Academy Award winner Sean Penn takes the title role in Gus Van Sant's biopic tracing the last eight ... read moreyears in the life of Harvey Milk, the ill-fated politician and gay activist whose life changed history, and whose courage still inspires people. When Milk was elected to the San Francisco Board of Supervisors in 1977, he made history for being the first openly gay man in American history to be voted into public office. But the rights of homosexuals weren't Milk's primary concern, as tellingly evidenced by the wide array of political coalitions he formed over the course of his tragically brief career. He fought for everyone from union workers to senior citizens, a true hero of human rights who possessed nothing but compassion for his fellow man. The story begins in New York City, where a 40-year-old Milk ponders what steps he can take to make his life more meaningful. Eventually, Milk makes the decision to relocate to the West Coast, where he and his lover, Scott Smith (James Franco), found a small business in the heart of a working-class neighborhood. Empowered by his love for the Castro neighborhood and the success of his business, Castro Camera, Milk somewhat unexpectedly begins to emerge as an outspoken agent for change. With a growing support system that includes both Scott and a like-minded young activist named Cleve Jones (Emile Hirsch), the charismatic Milk decides to take a fateful leap into politics, eventually developing a reputation as a leader who isn't afraid to follow up his words with actions. In short order, he is elected supervisor for the newly zoned District 5, though this seeming triumph is in fact the catalyst for a tragedy that starts to unfold as Milk does his best to forge a political partnership with Dan White (Josh Brolin), another newly elected supervisor. Over time it becomes apparent that Milk and White's political agendas are directly at odds, a revelation that puts their personal destinies on a catastrophic collision course. ~ Jason Buchanan, Rovi
After exploring the predominance of violence in American culture in Bowling for Columbine and taking... read more a critical look at the September 11th attacks in Fahrenheit 9/11, activist filmmaker Michael Moore turns his attentions toward the topic of health care in the United States in this documentary that weighs the plight of the uninsured (and the insured who must deal with abuse from insurance companies) against the record-breaking profits of the pharmaceutical industry. Moore interviews a number of people who have been left broke by medical bills even though they were fully insured, and explains how the corporate drive for profits has left numerous people in financial and medical disarray. After hearing that detainees in Guantanamo have access to free health care, Moore assembles a group of World Trade Center rescue workers to travel to Cuba in order to get the medical help they need for ailments they incurred in 2001. Moore's film debuted at the 2007 Cannes Film Festival. ~ Perry Seibert, Rovi
Philip Seymour Hoffman,
When the principal (Meryl Streep) of a Bronx Catholic High School accuses a popular priest (Philip S... read moreeymour Hoffman) of pedophilia, a young nun caught in between the feuding pair becomes hopelessly swept up in the ensuing controversy. 1964, St. Nicholas, the Bronx: The winds of change are sweeping through this tight-knit religious community, and charismatic priest Father Flynn (Philip Seymour Hoffman) is doing his best to adapt by revisiting the school's notoriously strict disciplinary practices. Unfortunately Father Flynn's progressive ideas stand in stark contrast to the longstanding beliefs of Sister Aloysius Beauvier (Meryl Streep), the iron-willed principal, who believes that an oppressive environment of punishment and fear is the only way to keep the student body in line. Suddenly into this tempestuous environment appears young Donald Miller, St. Nicholas' first black student. When hopeful innocent Sister James (Amy Adams) reluctantly reveals to Sister Beauvier that Father Flynn and Donald have been spending an unusual amount of time together in the church rectory, the unrelentingly righteous headmistress begins a merciless crusade to reveal the beloved clergyman as a lecherous child molester and have him permanently expunged from the school. Yet despite her moral certainty that Father Flynn has committed such an unspeakable transgression, Sister Beauvier has not a shred of actual evidence to back up her audacious claim. Now, as Sister Beauvier and Father Flynn enter into an epic battle of wills, the shock waves set into motion by their explosive confrontation threaten to destroy one man's reputation and tear apart the entire surrounding community. John Patrick Shanley adapted his own play for the screen under the guidance of producer Scott Rudin (The Queen, Notes on a Scandal). ~ Jason Buchanan, Rovi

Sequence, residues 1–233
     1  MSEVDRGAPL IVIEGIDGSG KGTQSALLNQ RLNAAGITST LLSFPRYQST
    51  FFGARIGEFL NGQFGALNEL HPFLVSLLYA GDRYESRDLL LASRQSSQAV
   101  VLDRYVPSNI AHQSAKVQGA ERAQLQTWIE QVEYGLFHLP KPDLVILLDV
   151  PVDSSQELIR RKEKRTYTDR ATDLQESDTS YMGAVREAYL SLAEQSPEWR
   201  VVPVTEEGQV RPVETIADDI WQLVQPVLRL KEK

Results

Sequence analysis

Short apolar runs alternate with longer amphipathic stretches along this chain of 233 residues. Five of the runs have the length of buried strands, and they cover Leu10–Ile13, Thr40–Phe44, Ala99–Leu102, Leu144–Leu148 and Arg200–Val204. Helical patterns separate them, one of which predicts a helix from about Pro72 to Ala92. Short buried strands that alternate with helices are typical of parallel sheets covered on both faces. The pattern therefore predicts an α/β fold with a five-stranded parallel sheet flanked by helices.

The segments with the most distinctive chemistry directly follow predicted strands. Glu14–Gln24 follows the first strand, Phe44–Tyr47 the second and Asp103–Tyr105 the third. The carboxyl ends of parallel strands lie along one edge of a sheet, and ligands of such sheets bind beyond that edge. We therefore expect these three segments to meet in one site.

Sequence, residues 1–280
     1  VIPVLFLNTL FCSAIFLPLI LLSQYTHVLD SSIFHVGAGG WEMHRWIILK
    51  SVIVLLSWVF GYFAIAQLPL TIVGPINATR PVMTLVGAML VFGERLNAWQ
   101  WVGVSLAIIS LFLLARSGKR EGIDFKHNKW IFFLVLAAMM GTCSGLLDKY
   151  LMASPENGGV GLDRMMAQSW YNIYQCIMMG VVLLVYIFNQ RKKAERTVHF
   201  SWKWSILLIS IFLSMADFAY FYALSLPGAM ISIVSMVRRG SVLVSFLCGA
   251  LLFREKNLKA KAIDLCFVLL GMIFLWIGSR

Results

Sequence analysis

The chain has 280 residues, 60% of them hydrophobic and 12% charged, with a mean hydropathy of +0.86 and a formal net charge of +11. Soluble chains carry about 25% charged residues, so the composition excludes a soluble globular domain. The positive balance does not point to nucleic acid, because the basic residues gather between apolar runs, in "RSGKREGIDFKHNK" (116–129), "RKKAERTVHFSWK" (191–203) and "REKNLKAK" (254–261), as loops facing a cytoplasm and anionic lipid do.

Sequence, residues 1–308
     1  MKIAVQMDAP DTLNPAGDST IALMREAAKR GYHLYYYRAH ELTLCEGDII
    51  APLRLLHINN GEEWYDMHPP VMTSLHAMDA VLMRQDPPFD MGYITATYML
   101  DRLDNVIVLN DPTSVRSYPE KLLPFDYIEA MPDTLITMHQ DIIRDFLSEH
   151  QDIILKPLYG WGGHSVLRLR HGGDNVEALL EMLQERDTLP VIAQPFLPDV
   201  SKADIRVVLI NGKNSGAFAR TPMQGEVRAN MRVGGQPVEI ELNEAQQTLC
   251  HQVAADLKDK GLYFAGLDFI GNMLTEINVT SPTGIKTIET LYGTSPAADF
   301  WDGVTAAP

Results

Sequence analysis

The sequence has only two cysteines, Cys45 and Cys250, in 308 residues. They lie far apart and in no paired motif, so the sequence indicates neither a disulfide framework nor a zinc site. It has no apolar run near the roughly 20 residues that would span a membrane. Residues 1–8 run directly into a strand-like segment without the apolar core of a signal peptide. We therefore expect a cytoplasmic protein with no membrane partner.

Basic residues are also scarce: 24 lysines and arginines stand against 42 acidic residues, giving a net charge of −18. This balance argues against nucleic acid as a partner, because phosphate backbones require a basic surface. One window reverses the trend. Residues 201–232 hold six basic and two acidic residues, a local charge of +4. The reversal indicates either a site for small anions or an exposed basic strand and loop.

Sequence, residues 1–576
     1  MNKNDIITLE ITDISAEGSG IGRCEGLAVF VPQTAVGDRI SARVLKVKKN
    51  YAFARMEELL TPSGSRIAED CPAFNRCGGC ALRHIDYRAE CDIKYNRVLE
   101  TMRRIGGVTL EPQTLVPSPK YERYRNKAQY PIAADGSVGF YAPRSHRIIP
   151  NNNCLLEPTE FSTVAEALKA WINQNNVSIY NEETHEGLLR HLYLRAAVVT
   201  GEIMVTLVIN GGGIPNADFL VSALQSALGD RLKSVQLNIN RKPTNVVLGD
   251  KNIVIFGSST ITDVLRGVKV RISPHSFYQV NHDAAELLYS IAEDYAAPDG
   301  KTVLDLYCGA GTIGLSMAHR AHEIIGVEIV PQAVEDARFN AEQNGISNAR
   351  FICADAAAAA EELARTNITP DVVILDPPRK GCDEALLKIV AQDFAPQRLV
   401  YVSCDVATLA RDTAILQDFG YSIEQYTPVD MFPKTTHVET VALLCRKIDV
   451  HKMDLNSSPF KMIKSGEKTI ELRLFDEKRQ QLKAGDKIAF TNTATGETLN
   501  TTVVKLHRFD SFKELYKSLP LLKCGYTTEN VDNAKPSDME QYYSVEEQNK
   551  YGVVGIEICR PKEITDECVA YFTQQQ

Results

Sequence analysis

L. Frank Baum's classic tale comes to magisterial Technicolor life! The Wizard of Oz stars legendary... read more Judy Garland as Dorothy, an innocent farm girl whisked out of her mundane earthbound existence into a land of pure imagination. Dorothy's journey in Oz will take her through emerald forests, yellow brick roads, and creepy castles, all with the help of some unusual but earnest song-happy friends.
A benevolent Asperger's sufferer, Rizwan Khan (Shah Rukh Khan), sets out on a journey across America... read more on a mission to win back his one true love. As his travels continue, Khan inspires optimism and joy in the hearts of the people he encounters by spreading messages of goodwill wherever he roams. ~ Jason Buchanan, Rovi